@bullet Using Definition 4.2 Sorting on a Star Graph Takes Linear Time. 4.1 Array & Mesh

  • Published 2015


Distributed Sorting " Indeed, I believe that virtually every important aspect of programming arises somewhere in the context of sorting [and searching]! " – Donald E. Knuth, The Art of Computer Programming In this chapter we study a classic problem in computer science—sorting— from a distributed computing perspective. In contrast to an orthodox single-processor sorting algorithm, no node has access to all data, instead the to-be-sorted values are distributed. Distributed sorting then boils down to: Definition 4.1 (Sorting). We choose a graph with n nodes v 1 ,. .. , v n. Initially each node stores a value. After applying a sorting algorithm, node v k stores the k th smallest value. Remarks: • What if we route all values to the same central node v, let v sort the values locally, and then route them to the correct destinations?! According to the message passing model studied in the first few chapters this is perfectly legal. With a star topology sorting finishes in O(1) time! Definition 4.2 (Node Contention). In each step of a synchronous algorithm, each node can only send and receive O(1) messages containing O(1) values, no matter how many neighbors the node has. To get a better intuitive understanding of distributed sorting, we start with two simple topologies, the array and the mesh. Let us begin with the array: 33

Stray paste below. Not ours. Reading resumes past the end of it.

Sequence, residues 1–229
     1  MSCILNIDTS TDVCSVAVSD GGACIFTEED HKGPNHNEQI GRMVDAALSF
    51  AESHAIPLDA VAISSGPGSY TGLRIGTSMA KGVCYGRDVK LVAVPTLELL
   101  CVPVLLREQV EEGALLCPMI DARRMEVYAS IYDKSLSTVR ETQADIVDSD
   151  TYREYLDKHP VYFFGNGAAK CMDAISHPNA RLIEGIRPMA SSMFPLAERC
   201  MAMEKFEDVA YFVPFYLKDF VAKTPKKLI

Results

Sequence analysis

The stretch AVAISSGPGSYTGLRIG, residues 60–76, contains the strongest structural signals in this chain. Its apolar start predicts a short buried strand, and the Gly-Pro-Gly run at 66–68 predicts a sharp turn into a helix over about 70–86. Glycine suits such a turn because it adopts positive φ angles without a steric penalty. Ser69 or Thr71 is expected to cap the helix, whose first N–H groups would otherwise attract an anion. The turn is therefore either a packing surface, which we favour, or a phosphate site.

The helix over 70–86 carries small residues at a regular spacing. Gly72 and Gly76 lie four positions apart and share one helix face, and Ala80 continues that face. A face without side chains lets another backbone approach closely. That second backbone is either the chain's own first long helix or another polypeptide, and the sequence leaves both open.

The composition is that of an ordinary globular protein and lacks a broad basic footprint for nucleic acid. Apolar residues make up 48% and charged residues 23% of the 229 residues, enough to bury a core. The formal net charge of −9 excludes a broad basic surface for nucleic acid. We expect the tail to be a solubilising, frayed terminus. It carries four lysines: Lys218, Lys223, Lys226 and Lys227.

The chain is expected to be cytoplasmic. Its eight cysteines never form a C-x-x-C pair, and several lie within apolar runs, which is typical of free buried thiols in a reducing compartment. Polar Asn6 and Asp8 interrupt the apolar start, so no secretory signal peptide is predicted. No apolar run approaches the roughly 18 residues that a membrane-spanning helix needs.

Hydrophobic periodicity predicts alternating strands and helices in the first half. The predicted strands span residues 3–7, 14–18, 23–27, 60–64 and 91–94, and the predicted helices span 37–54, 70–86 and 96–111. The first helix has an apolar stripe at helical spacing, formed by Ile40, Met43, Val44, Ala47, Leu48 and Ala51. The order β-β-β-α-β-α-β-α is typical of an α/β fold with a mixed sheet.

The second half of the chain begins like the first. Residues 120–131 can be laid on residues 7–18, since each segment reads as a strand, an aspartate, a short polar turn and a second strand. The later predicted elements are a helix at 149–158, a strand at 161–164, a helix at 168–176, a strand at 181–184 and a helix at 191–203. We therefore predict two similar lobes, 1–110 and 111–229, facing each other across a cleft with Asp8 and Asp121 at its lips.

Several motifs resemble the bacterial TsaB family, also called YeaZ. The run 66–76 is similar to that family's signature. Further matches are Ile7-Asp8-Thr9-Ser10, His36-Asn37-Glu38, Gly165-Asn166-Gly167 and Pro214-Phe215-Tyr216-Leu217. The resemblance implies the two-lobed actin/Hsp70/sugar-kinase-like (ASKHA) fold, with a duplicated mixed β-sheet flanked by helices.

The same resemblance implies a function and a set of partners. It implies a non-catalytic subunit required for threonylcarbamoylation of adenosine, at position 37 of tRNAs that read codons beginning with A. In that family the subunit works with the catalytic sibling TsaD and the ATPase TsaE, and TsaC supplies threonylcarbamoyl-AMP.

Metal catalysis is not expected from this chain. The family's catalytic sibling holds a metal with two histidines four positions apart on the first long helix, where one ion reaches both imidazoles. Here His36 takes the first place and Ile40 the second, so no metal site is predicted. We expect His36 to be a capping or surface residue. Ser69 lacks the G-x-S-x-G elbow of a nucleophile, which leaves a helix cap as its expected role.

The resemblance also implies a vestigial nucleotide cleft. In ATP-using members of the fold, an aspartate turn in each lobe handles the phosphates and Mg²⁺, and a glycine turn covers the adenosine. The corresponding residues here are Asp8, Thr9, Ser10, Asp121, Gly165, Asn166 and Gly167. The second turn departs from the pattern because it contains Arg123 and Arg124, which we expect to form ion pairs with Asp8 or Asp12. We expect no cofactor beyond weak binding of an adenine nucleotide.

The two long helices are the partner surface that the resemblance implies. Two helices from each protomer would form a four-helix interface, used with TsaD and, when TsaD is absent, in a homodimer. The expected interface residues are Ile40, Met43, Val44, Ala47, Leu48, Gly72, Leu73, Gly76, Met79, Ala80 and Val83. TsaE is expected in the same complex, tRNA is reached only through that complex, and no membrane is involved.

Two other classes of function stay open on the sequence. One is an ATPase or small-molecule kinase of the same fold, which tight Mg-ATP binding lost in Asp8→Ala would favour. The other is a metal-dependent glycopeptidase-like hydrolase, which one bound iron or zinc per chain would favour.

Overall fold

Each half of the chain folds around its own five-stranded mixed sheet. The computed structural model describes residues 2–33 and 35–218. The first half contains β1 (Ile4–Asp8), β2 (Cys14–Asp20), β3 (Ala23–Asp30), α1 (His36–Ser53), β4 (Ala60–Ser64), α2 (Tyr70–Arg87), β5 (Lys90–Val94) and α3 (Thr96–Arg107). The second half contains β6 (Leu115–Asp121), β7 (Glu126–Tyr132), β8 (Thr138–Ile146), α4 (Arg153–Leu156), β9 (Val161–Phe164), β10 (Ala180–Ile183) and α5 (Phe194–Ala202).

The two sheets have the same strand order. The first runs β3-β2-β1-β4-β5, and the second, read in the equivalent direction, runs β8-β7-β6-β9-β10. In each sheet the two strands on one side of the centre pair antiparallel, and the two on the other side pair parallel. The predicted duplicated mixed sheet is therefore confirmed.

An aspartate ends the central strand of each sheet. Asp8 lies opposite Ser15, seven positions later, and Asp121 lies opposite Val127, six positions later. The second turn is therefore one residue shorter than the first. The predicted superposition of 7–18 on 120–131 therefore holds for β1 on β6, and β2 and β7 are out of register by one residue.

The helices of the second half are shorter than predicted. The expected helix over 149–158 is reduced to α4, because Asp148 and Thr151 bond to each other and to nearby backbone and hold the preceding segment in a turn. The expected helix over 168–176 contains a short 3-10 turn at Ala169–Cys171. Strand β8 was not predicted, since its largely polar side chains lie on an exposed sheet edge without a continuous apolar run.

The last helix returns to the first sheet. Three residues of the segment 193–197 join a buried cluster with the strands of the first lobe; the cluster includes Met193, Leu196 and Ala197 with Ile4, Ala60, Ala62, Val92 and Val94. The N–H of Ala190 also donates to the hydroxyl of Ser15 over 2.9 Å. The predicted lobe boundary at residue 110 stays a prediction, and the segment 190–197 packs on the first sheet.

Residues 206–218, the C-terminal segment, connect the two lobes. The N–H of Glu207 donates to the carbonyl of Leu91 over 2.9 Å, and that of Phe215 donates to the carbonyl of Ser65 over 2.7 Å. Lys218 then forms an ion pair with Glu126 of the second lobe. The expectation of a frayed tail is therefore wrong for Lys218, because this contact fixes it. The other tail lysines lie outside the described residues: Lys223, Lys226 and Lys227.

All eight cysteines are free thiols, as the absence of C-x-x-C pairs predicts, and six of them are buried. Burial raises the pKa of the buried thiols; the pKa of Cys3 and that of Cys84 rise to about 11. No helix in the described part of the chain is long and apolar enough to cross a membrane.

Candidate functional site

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@inproceedings{2015bulletUD, title={@bullet Using Definition 4.2 Sorting on a Star Graph Takes Linear Time. 4.1 Array & Mesh}, author={}, year={2015} }